Mike Davis on Sandy.

From the LRB Blog

This is the true meaning of Hurricane Sandy: the repo girl is at the door. Climate change adaptation is a synonym for a multi-trillion-dollar reconstruction of urban coastal infrastructure and land-use patterns. Imitate the Dutch or live in Waterworld.

How long will it take for this realisation to percolate through the tumoured brain of American politics? Until 2006, American public opinion was broadly in step with European concerns about global warming. Following Climategate, however, the energy-industry-subsidised right went on the offensive and polls recorded a dramatic decline in public perception of climate change as a scientific fact.

Even more surprisingly, opinion surveys tracking public reactions to extreme climate events, like the recent epic drought in the Great Plains, have failed to detect significant change in opinion. The presidential race, meanwhile, has largely been a contest about which candidate stoops lowest to administer oral sex to fossil fuel producers.

The business press exults in the brilliant future of shale gas and non-traditional oil. The USA, for the first time in 63 years, is a net exporter of oil products. And we are locked into fossil fuel dependence for another generation or two.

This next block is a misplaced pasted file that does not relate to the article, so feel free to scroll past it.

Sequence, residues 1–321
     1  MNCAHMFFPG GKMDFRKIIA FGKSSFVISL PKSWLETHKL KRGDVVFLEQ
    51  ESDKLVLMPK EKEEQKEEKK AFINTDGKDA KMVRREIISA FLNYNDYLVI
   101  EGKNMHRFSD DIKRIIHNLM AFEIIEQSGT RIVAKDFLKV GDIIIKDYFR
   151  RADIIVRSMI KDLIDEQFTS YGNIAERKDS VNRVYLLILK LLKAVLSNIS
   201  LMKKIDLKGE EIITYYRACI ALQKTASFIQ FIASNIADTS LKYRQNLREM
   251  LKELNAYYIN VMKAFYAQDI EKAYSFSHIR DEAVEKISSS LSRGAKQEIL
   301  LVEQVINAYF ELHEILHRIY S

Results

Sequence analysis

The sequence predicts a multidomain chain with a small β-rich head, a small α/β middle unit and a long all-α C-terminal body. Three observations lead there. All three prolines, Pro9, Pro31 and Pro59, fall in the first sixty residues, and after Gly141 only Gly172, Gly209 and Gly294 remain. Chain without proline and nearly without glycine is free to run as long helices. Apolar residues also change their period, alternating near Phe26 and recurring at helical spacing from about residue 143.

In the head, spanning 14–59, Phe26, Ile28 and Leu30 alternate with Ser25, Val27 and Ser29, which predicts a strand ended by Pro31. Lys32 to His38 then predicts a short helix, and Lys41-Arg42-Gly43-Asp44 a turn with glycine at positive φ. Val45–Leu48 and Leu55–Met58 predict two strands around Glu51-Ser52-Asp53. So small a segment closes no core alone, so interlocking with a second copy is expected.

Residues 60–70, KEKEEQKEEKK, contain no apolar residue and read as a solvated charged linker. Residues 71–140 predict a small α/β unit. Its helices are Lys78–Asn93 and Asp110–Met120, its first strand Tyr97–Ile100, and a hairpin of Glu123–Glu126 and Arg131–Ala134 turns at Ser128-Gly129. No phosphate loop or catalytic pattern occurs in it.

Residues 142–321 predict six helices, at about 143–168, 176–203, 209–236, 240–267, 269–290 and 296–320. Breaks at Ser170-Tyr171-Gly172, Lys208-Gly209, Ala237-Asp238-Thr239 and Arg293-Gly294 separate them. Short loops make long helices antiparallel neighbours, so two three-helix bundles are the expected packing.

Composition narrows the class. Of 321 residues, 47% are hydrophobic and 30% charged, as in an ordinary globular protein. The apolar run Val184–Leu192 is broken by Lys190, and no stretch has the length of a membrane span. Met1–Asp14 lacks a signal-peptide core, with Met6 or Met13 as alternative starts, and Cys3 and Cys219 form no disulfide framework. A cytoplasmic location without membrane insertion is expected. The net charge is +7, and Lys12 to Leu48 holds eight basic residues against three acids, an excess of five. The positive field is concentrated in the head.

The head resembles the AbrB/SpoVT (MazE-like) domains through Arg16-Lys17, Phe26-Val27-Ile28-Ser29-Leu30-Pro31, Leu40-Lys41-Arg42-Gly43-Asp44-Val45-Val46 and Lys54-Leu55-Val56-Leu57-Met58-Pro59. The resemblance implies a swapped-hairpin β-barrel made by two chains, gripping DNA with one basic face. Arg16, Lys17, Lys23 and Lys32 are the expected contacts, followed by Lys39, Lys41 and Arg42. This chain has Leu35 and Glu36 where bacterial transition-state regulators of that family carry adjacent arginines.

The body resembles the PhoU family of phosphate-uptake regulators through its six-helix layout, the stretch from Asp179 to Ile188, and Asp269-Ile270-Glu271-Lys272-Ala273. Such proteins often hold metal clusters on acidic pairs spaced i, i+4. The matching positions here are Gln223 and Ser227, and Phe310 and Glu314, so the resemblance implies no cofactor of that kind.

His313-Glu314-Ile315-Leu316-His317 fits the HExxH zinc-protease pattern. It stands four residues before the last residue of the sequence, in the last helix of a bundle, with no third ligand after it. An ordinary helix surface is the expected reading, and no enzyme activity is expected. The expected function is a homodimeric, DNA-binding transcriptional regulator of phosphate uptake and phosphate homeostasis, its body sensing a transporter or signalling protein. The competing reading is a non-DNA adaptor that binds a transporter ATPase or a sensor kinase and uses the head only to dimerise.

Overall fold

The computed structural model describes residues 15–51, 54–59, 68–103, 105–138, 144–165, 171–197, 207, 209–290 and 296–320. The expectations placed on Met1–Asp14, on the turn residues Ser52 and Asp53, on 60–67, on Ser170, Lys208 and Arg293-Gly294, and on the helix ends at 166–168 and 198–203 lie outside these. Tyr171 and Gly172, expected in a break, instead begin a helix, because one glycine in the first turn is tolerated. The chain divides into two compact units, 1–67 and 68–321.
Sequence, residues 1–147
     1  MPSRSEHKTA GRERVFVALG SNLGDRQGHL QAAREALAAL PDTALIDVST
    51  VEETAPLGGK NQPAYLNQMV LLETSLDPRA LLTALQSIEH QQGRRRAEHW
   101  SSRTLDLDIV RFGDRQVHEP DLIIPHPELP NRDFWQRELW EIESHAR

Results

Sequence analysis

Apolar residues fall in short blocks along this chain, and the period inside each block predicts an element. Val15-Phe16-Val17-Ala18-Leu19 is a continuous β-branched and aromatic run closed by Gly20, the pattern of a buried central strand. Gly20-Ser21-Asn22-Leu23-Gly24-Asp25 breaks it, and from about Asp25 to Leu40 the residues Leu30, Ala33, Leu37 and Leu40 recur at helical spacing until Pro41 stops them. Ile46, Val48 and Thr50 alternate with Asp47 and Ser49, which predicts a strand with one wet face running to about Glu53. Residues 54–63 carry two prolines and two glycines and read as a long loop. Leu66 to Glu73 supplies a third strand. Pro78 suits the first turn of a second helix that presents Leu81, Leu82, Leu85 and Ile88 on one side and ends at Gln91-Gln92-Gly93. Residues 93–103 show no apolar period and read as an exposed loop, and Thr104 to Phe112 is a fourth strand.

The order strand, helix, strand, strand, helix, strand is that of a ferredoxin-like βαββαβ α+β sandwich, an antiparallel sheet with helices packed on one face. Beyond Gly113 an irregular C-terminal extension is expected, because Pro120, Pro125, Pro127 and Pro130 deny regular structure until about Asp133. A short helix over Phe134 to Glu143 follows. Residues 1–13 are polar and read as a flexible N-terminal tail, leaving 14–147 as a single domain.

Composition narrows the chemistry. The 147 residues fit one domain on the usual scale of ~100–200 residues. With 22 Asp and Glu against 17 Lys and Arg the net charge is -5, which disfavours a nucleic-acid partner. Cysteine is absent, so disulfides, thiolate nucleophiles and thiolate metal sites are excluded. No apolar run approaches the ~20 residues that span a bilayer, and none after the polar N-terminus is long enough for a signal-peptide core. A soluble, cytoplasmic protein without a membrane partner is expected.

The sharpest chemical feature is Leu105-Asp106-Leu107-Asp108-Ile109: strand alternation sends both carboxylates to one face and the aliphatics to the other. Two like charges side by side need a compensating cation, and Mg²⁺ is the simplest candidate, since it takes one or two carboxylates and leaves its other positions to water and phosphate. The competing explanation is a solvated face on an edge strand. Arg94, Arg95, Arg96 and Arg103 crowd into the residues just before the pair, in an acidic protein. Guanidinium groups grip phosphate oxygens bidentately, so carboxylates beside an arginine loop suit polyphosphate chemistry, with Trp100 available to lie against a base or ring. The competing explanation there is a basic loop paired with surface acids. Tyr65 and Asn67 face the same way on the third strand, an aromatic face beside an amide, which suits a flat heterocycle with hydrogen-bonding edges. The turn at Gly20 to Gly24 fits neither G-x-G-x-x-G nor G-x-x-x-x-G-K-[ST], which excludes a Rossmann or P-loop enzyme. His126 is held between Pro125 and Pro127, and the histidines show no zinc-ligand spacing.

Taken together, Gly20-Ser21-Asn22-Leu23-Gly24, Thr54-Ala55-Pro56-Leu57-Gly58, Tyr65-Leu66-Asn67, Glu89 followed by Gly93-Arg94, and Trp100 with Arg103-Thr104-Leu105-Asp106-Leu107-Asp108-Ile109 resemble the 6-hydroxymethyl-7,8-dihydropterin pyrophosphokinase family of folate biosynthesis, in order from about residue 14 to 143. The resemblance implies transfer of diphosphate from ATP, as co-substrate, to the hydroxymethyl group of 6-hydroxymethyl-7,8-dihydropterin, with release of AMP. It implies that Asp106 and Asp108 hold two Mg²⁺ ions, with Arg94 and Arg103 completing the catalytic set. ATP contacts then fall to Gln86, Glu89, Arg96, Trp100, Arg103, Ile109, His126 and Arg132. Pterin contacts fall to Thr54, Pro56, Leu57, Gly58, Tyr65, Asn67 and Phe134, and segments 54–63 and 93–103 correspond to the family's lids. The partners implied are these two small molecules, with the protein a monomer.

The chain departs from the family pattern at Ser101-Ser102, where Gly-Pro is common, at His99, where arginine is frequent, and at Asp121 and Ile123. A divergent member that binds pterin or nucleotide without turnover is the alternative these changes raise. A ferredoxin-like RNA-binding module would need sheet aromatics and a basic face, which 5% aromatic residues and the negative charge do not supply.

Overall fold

Alternatives are dissolving. Creating green jobs, the major industrial strategy of the Obama administration, has been a complete bust thanks to the shale gas revolution and China’s dumping of cheap solar energy cells on the world market. The meltdown of Europe’s carbon trading system, moreover, has hardly bolstered the credibility of ‘cap and trade’ in an American recession.

Hard rains and rising tides on the Jersey shore, alas, do not automatically translate into enthusiasm about renewable energy or an urgency to build dykes. Eventually, however, the change must come and Washington will start to pay the compound interest for failing to mitigate warming or reform land use.

But this isn’t the truly bad news. The grimmest reckoning is the inverse relationship between the costs of climate change adaptation in rich countries and the amount of aid available to poorer countries. The tropical and semi-tropical poor countries that are least responsible for creating a greenhouse planet will bear the greatest burden of coastal inundation, extreme weather, and agricultural water shortages. Not that it was ever likely that the emitters would ride to the rescue of the poor people downstream, but Sandy is the beginning of the race for the lifeboats on the Titanic

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About HR

Deep in the adjunct crackhole.
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